Fall 2019 - REM 644 G100

Public Policy Analysis and Administration (5)

Class Number: 1397

Delivery Method: In Person

Overview

  • Course Times + Location:

    Tu, We 12:30 PM – 2:20 PM
    TASC2 7520, Burnaby

  • Instructor:

    Sean Markey
    spmarkey@sfu.ca
    1 778 782-4702
    Office: TASC 1 - 8241
    Office Hours: Tuesday: 11:00 am to 12:00 pm

Description

CALENDAR DESCRIPTION:

Analysis of methods of policy-making and problem solving with particular emphasis on natural resource issues. Topics include goal setting, problem definition, program scheduling, policy evaluation, policy implementation and public administration. A practical analysis of the structure and processes surrounding major contemporary policy issues. Equivalent Courses: MRM644

COURSE DETAILS:

This course provides an introduction to public policy and policy analysis, with a focus on problems in resource and environmental management. In addition to building an understanding of what public policy is and how policy analysis works, the course will examine:

  • Theories and models of the policy process;
  • The nature of policy problems and the role of problem definition in policy making;
  • The relationship between science and policy;
  • Stages or functions in the policy-making process and the participants and practices commonly associated with each;
  • The instruments that are available for achieving policy aims;
  • Methods and criteria for evaluating policy processes and outcomes;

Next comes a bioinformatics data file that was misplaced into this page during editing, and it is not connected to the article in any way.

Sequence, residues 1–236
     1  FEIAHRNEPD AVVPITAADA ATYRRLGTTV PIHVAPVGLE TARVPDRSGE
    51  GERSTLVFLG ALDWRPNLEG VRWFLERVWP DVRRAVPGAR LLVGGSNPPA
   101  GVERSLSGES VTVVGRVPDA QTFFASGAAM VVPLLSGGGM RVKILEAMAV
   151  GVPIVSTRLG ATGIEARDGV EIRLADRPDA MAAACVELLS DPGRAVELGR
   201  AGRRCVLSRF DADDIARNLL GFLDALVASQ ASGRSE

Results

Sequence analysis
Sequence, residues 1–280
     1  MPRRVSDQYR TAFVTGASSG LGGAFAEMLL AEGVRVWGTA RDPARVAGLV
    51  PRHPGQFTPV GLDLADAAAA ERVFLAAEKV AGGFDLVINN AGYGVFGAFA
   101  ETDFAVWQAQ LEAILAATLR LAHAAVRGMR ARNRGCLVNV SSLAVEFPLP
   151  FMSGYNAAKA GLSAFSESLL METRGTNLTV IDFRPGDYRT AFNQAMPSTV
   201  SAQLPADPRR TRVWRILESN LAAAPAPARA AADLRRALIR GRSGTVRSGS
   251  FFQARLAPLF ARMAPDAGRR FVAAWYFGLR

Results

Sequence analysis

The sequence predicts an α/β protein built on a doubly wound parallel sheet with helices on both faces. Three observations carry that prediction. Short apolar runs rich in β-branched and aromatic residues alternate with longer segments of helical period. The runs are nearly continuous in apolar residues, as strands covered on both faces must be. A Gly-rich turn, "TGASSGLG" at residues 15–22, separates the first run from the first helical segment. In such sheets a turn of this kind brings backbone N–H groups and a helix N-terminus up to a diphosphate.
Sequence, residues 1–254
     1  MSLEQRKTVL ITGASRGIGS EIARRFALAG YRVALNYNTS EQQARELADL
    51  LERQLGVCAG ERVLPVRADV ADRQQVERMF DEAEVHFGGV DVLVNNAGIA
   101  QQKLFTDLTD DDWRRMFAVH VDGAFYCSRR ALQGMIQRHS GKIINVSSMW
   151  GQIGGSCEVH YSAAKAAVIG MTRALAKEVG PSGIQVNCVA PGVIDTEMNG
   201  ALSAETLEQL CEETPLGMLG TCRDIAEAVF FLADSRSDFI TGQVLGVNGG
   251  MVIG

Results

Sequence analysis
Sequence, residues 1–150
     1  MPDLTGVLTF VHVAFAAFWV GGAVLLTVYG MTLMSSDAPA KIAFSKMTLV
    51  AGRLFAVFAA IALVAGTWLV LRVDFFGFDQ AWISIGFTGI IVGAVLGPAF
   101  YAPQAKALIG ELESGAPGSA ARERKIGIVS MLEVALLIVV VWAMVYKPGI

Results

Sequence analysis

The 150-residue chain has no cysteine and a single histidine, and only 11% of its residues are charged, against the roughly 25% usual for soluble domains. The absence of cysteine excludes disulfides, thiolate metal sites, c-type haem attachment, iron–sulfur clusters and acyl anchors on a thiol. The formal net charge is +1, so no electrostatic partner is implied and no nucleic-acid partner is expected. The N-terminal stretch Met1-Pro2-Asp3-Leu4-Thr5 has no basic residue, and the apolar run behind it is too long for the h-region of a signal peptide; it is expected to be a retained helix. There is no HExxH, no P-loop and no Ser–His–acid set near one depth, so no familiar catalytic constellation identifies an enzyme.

• Conceptual frameworks for analyzing and organizing knowledge about policy and socio-ecological systems.

COURSE-LEVEL EDUCATIONAL GOALS:

You will learn to:

  1. Understand prominent theories of the policy process and how they can be used to study the development and fate of policies.
  2. Assess the strengths and weaknesses of policies, critique the rationales offered in support of policies, and understand the processes through which policies are designed, adopted and implemented.
  3. Analyze and effectively intervene in policy processes, including applying knowledge from other REM courses to the design and analysis of policies.
  4. Conduct and present (orally and in writing) a policy analysis of a resource and environmental management problem, in which you evaluate alternative strategies and make a recommendation to decision makers to address the problem.

Grading

  • Class Participation 20%
  • Assignments 80%

NOTES:

Please note: Classes will be held in TASC 1, Room 7520 (Planning Room).

Materials

REQUIRED READING:

Howlett, M., M. Ramesh, and A. Perl. 2009. Studying public policy: Policy cycles and policy subsystems. Third Edition. Oxford, U.K: Oxford University Press. (On order at the SFU Bookstore)
ISBN: 9780195428025

We will supplement the required texts with additional on-line (electronic) required reading and suggested reading for each class.

RECOMMENDED READING:

Araral, E., S. Fritzen, M. Howlett, M. Ramesh, and X. Wu (eds.). 2012. Routledge handbook of public policy. New York: Routledge. (Available online through SFU library)

Ascher, W.A. 2009. Bringing in the future: Strategies for farsightedness and sustainability in developing countries. Chicago, IL: University of Chicago Press.